In the early morning the musician’s room is bathed in light and in the evening the bedside lamps cast a warm glow across the soft double bed, bedside tables and dresser.
The rooms of The Old Victoria were first opened in 1837 – the year organist and composer, Théodore Dubois, was born and the year violinist and composer Joseph Schubert died. So it is only fitting that in its most recent incarnation, at least one room pays homage to the rich history of music.
But even as the influence of European music set is seeds in the shores of Australia, the First Nations people were locked in dance and music of a different kind. As reporter, Philip Parker King writes in his diary in the week of 6-14 March “We are detained on board all day by a heavy rain (…). Some hundreds of natives have come to the settlement with presents of kangaroos to the Governor, and tonight there was to be a corroboree (…). The dances are alike, but the song by which they are led differs at the fancy of the singer. (…) The women sit with their backs to the fire, and simultaneously beat a roll of opossum cloaks, which produces a sound something like a drum. The leader as indeed have all the dancers, has a short stick (barongain) in each hand, which he strikes together at first in slow measure as the subject of the song is introduced, the women keeping time with him on their drums. The fire at first burns dimly, and the dancers make their appearance one by one at a distance, emerging in the dark from among the bushes and trees; as the song proceeds and the subject begins to develop itself, the fire is made to sparkle, the measure quickens, the sticks and drums are beat louder and louder, and the actors advance until they gradually draw round the leader close to the fire, which now blazes up, who becoming warmed with his subject, increases the rapidity as well as force of the blows (all keeping time as if the sound was produced by a single blow), until a sign being made, they all make a sort of grunt strike their sticks once more, and then silently vanish off in a twinkling behind the bushes, and are shrouded by the darkness of the background in which they are ensconced, until a new song gradually commences and recalls them on to the stage. The whole has quite a dramatic effect. Their bodies are painted over with white stripes of pipeclay (bobal), and round the ancles are small boughs or branches of trees (kerang), which as they move make a rustling noise, which they increase with the measure of the song.”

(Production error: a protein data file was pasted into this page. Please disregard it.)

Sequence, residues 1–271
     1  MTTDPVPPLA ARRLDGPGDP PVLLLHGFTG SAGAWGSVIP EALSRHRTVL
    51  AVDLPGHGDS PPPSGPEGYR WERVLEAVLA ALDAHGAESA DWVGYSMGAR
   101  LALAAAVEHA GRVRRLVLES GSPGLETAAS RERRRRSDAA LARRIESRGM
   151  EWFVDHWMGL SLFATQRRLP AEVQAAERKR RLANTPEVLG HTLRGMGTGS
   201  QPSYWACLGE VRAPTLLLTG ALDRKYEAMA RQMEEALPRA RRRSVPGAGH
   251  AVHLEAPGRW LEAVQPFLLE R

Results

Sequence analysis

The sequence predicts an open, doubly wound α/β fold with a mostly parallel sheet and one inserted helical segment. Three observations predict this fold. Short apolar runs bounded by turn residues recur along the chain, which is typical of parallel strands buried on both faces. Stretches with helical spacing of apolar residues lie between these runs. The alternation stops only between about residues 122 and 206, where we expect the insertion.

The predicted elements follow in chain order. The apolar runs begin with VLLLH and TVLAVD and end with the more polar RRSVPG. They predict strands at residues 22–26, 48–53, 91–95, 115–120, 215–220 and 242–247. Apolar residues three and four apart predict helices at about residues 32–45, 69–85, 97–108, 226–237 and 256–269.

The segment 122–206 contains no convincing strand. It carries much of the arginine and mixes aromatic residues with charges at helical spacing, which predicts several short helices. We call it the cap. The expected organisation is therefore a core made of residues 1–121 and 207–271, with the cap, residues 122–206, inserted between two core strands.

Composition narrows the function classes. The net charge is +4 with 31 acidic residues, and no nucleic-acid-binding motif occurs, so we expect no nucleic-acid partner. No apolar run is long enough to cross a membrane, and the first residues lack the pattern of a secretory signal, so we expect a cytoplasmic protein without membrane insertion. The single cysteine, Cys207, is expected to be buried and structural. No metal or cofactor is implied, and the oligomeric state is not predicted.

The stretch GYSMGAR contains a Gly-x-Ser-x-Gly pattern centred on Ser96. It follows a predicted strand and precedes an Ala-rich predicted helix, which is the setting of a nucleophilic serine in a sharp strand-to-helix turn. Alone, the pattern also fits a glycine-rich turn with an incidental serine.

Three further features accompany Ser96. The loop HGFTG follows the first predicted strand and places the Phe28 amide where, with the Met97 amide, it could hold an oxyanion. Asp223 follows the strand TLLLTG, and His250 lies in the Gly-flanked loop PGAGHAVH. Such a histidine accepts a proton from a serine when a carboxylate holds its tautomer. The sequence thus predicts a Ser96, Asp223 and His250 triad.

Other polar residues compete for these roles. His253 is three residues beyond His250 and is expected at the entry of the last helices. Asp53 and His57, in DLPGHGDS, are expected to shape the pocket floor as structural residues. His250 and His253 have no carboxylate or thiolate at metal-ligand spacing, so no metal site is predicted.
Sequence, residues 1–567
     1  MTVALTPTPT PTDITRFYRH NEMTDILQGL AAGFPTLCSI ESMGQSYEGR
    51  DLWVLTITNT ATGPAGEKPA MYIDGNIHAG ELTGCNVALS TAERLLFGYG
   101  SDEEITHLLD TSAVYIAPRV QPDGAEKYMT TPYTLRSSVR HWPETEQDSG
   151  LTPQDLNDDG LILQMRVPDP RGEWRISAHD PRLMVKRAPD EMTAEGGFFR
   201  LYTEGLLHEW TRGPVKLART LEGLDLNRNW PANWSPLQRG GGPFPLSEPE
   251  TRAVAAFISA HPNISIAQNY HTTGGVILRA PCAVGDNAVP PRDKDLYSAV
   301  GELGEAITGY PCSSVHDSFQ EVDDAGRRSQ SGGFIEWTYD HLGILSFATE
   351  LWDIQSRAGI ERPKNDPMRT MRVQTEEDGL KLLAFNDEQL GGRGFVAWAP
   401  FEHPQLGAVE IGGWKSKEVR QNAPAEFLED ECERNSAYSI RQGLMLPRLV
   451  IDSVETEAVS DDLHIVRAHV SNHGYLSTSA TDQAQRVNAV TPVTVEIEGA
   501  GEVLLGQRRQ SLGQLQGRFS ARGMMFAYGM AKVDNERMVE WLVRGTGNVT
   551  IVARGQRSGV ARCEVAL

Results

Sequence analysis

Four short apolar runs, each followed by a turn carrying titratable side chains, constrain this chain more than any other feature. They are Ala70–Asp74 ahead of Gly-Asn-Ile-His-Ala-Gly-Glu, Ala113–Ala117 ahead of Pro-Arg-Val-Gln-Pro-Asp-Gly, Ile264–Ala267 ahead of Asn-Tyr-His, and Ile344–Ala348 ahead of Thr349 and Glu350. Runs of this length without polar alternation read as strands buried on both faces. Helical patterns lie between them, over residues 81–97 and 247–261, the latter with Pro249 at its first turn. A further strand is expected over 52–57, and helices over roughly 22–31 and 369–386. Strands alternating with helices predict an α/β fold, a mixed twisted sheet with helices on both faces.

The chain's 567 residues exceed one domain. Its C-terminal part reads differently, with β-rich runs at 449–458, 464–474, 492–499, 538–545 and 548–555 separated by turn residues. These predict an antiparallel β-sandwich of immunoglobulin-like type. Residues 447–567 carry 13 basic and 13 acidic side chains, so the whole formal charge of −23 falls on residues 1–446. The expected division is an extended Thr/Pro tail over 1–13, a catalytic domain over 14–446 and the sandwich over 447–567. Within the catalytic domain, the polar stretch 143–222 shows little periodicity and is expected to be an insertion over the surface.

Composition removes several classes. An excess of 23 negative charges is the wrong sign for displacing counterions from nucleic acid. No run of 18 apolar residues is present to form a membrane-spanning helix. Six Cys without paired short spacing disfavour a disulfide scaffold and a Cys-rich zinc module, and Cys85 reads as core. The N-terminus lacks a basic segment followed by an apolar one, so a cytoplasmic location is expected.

So don’t be taken by surprise if the ambiance of the musician’s room causes your imagination to play tricks on you and you hear the sounds of a violinist drawing their bow artfully across the strings of the hollow wooden box or, better still, if you hear the distant sounds of women beating “a roll of opossum cloaks” and a sound something like a drum drifts in on the night air.
- Facilities and amenities available in this room
- Double bed
- Bathroom (shared)
- Luxury toiletries
- Towels and linen included
- Laundry facilites (shared)
- Breakfast (in the Drawing Room or downstairs in the restaurant or courtyard)
- Tea and coffee making facilities, a toaster and a mini fridge are available in the Drawing Room
- Complementary port and fruit are provided in the Drawing Room on arrival